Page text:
New Crew, New Cues




Today was the first day of our conditioning speed squat wave- 10x2. We had 4 people and we were like the worst pit crew imaginable.


Nate tried to sort it out for us on the white board but everyone had different rack heights/box heights/in out on the mono/ one person even threw a wrench in the whole thing and walked it out. So this was kind of a uh test run for the coming weeks of speed work.


Margaret and I are just getting back into squatting after our meet, this is only the second time I’ve squatted with Nate, and the first time I’ve seen Chad squat since last summer. So a lot of the session was spent watching technique and figuring out what cues people needed to fix their issues.


Assessing technical issues is one half of the battle and the other is finding cues that work. Sometimes it takes 4 different cues to have the lifter respond in the way you need them to. And that’s the end goal- to have the lifter do the correct thing. It doesn’t matter if the same cue doesn’t make sense to someone else or doesn’t work for everyone- it just needs to work for one person and keep working for them.


Having a bigger group is great- everyone can watch different parts of the lift and everyone did a great job of cueing each other and making suggestions. The more eyes you can have on a lifter, the better. The more everyone can learn and help eachother out, the… bestter.


not pictured: weights, box heights, walking out, incorrect set counting...... not pictured: weights, box heights, walking out, incorrect set counting......



So here it is, broken down by lifter.

Nates biggest issues were not keeping his feet down on the ground, having his chest collapse out of the hole, and not taking his air optimally. Since we start working with issue from the ground up, I tried to get Nate to screw his feet into the ground to keep them more rooted. The foot screwing cue is a weird one that doesn't work for everyone and it ended up that “toes down” was a good enough cue for him to grip the floor with his whole foot. So toes down it is.


He had good speed off the box but his biggest issue was letting his head and chest drop out of the hole even though his back was pretty tight. I started with a “chest up” cue and it worked but his head was still not in an optimal position- still a little forward and down. He said the cue “elbows under” was a good cue for him to keep his chest up so I tried on the next set. Nopeeee. He did some weird motorcycle revving and just moved his elbows and back all over the place and almost fell over. The next set I tried “head up” and it worked perfectly. He ascended with his head and chest first and kept everything upright and in the perfect position.


Dave also worked with him quite a bit on his breathing. He was breathing into his belly but wasn’t pushing against his belt through his entire torso. Ideally, you want to be tight against your belt the entire way around your abdomen and back. Dave had him take a big breath through his nose and then finish it off with his mouth (HAHAHAHAHAHAHA). It worked wonders and stopped his low back pump that he always got while squatting (hm weird……………..) so I cued him to do that the rest of the session. We also worked on box squatting technique- pausing and relaxing the glutes and hams a little on the box in order to squeeze them and fire off the box.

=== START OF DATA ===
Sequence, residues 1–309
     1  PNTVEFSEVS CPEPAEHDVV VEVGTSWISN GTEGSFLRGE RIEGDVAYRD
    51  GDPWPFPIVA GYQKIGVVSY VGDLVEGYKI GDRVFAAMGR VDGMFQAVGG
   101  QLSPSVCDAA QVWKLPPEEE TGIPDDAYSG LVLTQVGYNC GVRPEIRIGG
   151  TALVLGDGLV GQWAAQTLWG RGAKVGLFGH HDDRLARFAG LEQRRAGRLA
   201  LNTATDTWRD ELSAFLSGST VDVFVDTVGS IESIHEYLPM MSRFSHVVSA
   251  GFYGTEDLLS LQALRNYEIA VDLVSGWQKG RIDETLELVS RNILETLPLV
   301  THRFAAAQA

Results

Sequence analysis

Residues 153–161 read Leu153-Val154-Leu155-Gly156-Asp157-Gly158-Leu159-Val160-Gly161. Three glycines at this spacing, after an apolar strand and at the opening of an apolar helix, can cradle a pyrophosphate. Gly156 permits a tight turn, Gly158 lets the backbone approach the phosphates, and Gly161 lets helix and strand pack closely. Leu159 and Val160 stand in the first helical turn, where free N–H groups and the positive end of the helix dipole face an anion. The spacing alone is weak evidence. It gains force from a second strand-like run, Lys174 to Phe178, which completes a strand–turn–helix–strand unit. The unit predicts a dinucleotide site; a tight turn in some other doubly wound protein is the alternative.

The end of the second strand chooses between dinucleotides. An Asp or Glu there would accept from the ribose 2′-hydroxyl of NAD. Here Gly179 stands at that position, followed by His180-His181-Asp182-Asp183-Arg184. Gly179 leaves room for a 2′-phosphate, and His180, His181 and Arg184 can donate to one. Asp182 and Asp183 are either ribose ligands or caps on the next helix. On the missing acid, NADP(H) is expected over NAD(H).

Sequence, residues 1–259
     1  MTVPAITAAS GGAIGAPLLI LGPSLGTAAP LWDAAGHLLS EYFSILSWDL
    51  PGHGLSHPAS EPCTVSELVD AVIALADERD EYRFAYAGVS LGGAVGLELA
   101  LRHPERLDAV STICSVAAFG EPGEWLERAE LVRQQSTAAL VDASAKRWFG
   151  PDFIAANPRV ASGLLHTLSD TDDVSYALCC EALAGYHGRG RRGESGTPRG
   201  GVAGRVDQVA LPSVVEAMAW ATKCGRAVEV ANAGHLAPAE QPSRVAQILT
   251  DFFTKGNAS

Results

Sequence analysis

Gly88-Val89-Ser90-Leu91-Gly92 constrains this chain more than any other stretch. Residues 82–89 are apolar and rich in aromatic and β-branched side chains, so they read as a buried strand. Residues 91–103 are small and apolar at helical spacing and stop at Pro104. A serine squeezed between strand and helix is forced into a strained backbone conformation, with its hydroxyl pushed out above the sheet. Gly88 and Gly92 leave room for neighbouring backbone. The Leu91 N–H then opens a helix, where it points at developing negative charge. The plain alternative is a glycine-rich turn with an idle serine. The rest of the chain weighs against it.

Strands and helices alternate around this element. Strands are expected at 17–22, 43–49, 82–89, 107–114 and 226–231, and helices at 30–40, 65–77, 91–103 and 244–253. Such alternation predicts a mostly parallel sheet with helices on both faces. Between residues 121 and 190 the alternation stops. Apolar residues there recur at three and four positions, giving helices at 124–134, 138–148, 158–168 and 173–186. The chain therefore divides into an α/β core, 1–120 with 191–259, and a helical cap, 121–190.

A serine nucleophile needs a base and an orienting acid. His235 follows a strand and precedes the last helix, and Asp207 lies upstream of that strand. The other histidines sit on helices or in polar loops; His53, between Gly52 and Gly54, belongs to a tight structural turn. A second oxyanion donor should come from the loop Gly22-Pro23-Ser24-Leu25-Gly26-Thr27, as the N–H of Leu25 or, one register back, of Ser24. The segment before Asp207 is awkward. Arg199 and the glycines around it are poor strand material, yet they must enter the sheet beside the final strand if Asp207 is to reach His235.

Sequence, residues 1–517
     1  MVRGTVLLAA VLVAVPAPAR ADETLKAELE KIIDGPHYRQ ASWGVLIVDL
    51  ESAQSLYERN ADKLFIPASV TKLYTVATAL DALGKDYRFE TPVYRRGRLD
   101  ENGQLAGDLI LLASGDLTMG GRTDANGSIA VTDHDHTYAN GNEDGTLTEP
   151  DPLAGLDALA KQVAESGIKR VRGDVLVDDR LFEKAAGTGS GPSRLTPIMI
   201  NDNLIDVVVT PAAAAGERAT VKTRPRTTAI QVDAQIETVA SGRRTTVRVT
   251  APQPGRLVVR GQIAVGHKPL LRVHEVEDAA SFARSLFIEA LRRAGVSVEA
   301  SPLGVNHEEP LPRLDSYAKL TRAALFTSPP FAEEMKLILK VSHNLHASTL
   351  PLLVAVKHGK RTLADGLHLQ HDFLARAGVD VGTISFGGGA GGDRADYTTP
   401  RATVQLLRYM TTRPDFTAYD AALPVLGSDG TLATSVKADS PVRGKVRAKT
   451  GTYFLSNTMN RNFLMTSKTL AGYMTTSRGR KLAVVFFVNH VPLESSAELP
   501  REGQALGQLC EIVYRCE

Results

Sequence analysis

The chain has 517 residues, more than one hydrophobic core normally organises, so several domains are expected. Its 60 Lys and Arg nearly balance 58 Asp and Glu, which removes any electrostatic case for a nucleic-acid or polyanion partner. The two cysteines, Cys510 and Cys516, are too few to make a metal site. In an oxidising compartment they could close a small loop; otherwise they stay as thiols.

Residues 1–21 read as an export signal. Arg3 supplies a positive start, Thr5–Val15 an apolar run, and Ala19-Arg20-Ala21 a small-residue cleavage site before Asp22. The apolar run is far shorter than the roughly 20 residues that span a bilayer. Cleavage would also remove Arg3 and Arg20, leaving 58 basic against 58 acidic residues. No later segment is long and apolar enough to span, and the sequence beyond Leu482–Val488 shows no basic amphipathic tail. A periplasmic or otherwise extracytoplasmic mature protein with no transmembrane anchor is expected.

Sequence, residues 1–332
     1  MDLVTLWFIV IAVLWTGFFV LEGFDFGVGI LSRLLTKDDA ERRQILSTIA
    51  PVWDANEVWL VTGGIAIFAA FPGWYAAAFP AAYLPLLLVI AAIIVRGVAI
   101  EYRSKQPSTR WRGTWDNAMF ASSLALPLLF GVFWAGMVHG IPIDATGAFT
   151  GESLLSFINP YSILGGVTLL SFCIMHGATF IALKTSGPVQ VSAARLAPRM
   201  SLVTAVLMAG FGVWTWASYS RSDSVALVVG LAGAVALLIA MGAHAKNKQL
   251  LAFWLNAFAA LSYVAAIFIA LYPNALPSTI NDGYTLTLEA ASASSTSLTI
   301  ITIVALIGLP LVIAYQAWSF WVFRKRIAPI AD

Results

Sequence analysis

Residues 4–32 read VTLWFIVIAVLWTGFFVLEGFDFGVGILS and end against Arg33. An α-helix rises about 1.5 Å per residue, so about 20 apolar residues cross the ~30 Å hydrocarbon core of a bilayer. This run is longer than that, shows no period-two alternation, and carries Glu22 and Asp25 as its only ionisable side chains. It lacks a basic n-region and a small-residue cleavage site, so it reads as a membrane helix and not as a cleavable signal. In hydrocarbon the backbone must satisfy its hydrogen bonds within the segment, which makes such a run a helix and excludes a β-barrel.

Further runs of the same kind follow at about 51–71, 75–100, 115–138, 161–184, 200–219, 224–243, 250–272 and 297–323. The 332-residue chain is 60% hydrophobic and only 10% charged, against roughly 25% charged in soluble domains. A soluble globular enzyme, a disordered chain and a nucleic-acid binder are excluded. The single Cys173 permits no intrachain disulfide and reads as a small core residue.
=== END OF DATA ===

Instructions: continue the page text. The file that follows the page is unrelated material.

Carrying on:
Margaret- Margaret just needed to get back in the swing of squatting- going through her cues and keeping everything tight. She needed her normal cues of screwing her feet in, taking a belly breath, being quick off the box, and leading with her chest off the box. She was having trouble keeping her upper back tight and really just needed a tactile reminder. Once I started poking at her back and lats and telling her to squeeze down and back and tighten her lats, she got exponentially tighter. She also needed to get the right ratio of trying to squat fast while keeping everything tight. She would focus on speed and sacrifice her cues and tightness or over think what she needed to do and slow down her sets too much.


Chad- A little bit of a doozy. He hasn’t trained with us since last summer so he kind of forgot everything (shrug emoji). His knees were coming in, feet were dancing all over, back not staying tight. I tried every cue I could possibly think of with him then started poking him and boy howdy did it help. I poked his back and told him to squeeze down and back, poked his lats to get him to tighten them up, and poked the outside of his legs to get him to screw his feet into the ground and spread the floor. And it actually worked. He got his back tighter, got tighter throughout his feet and legs, and wasn’t plopping onto the box. He also needed to reset in between each rep to re-tighten his back and get his air which helped him get more than one decent rep.

Sometimes a tactile reminder is really what's needed- it helps people feel where they should be tightening and squeezing.




The next exercise was for the hammies. Margaret and I did GHRs and the guys did inverse leg curl because they are too weak for GHRs. They did sets of 5 for strength building because they need it and we did sets of 12-15 with partials at the end for size. Because we need it. See my video in one of my previous posts for GHR partials. Also I used a weight vest because I am an impressive specimen of woman.


Belt squat 4x12-15 reps supersetted with leg extension 4x20


Low back on the reverse hyper/GHR combo because those are my favorite and I feel like it does more for my low back than anything else. Plate quarter dime per side x15


Glute kickbacks 3 double sets- 12-15 each side, switch legs, then switch legs, then switch legs. Good explanation, right??


Pull down abdomens.


Also header photo: Dave dressed like he rolled around in a dumpster then ran in to squat.


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